Q1: Now, Marshall Motors, they’ve recently made some changes to their portfolio, can you talk us through the changes that they’ve made?
A1: Yes, of course. So, they’ve made a couple of changes in the run up to the year-end, first of all they agreed to sell their leasing business to Bank of Ireland, that has now been approved by the FCA and they’ve agreed a gross cash consideration of £42.5 million, that’s 11.5 times 2016 earnings which we felt was a good price. The net cash proceeds of that will be to reduce the existing levels of debt and they are settling a pension liability with that as well.
The other transaction is a portfolio update really, so they’ve closed five franchise dealerships and one used car centre and those businesses were loss-making at the moment and the closure costs on that is about £6 million. Again, we think that’s a good move in terms of cleaning up the portfolio and looking at driving quality returns from what they’ve got so we think both are good moves.
Q2: Do these changes change your forecast in any way?
A2: They do, so they combine effect on our 2018 numbers is to reduce earnings by about 15% in 2018 and 2019, however the total net debt falls by over 80% so we think strategically, particularly on certain points in the cycle as well, that’s a sensible move.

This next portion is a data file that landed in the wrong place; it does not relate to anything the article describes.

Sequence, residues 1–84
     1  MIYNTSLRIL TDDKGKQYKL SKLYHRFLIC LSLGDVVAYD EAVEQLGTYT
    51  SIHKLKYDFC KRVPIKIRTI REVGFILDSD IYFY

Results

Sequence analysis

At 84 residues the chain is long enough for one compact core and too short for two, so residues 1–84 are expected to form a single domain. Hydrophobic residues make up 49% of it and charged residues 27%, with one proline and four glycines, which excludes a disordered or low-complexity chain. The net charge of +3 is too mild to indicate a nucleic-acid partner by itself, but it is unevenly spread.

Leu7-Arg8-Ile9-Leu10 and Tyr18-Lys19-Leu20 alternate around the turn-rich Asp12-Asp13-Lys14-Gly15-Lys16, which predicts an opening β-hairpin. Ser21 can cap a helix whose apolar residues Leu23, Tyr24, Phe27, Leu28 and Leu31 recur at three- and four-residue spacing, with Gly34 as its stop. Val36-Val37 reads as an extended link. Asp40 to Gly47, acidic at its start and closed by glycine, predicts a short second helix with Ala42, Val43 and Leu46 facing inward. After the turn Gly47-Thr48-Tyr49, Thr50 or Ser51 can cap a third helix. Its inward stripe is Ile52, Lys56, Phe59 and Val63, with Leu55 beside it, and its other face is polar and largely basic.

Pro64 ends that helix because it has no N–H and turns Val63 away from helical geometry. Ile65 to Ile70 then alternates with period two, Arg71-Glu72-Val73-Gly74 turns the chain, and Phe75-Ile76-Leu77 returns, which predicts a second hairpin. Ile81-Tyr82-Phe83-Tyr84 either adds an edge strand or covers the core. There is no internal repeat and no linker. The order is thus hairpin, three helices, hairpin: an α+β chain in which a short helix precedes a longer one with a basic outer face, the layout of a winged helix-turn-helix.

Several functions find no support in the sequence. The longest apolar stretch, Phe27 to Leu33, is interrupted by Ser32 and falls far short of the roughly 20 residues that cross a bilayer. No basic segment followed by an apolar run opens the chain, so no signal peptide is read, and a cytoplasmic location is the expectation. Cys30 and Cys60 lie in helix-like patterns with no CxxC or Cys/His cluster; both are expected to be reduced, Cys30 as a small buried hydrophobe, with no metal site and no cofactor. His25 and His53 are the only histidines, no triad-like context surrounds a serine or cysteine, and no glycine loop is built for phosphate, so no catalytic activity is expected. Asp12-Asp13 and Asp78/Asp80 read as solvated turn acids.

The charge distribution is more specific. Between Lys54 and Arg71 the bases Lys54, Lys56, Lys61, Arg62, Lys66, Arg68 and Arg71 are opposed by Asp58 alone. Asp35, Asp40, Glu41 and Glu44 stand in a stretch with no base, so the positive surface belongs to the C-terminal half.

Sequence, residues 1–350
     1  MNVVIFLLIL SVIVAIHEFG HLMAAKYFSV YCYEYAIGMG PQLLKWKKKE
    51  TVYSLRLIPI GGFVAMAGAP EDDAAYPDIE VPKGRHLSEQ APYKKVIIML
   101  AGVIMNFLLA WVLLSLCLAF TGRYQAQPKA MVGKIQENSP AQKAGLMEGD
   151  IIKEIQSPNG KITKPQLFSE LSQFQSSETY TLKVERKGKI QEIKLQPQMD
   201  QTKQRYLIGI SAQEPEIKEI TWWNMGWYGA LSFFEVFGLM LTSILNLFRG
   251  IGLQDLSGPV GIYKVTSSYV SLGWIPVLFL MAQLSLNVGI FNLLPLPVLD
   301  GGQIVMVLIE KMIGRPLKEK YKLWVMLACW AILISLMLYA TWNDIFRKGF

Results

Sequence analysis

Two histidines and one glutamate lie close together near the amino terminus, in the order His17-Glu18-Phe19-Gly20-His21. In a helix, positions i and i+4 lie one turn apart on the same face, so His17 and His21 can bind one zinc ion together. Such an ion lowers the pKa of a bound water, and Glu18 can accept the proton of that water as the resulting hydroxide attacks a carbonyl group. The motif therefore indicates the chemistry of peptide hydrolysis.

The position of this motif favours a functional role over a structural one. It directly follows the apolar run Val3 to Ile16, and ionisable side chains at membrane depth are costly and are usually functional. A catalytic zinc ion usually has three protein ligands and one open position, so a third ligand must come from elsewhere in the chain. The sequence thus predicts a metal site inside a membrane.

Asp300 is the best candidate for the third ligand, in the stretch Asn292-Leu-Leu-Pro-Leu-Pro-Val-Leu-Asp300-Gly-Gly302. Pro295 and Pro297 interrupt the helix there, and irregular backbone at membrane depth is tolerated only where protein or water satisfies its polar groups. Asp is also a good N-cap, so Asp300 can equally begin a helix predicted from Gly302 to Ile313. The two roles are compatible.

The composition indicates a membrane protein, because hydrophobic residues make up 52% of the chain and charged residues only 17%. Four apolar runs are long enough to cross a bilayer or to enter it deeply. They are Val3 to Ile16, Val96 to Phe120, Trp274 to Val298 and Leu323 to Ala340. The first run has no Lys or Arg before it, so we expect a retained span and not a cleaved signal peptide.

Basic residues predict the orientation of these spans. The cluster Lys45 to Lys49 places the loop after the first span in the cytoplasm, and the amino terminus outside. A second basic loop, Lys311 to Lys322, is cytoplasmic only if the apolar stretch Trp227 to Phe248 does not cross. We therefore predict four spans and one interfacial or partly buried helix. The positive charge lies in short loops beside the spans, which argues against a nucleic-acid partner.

Q3: So, just to round up, what’s your view on the Marshall Motor Holdings stock at the moment?
A3: We accept that the trading conditions will get difficult for the dealers from here, but we do think a lot has been priced in and there’s good asset backing in that sector as well. I think, the case of Marshall Motors, it still trades at a discount to the sectors so it’s on a PE of about 7 times but with a much stronger balance sheet going into that as well.
So, we do think the sector is poised for more difficult trading, but we think a lot of that has been priced in and there is potential for Marshall to catch up with the sector rating in terms of the portfolio changes that they’ve made.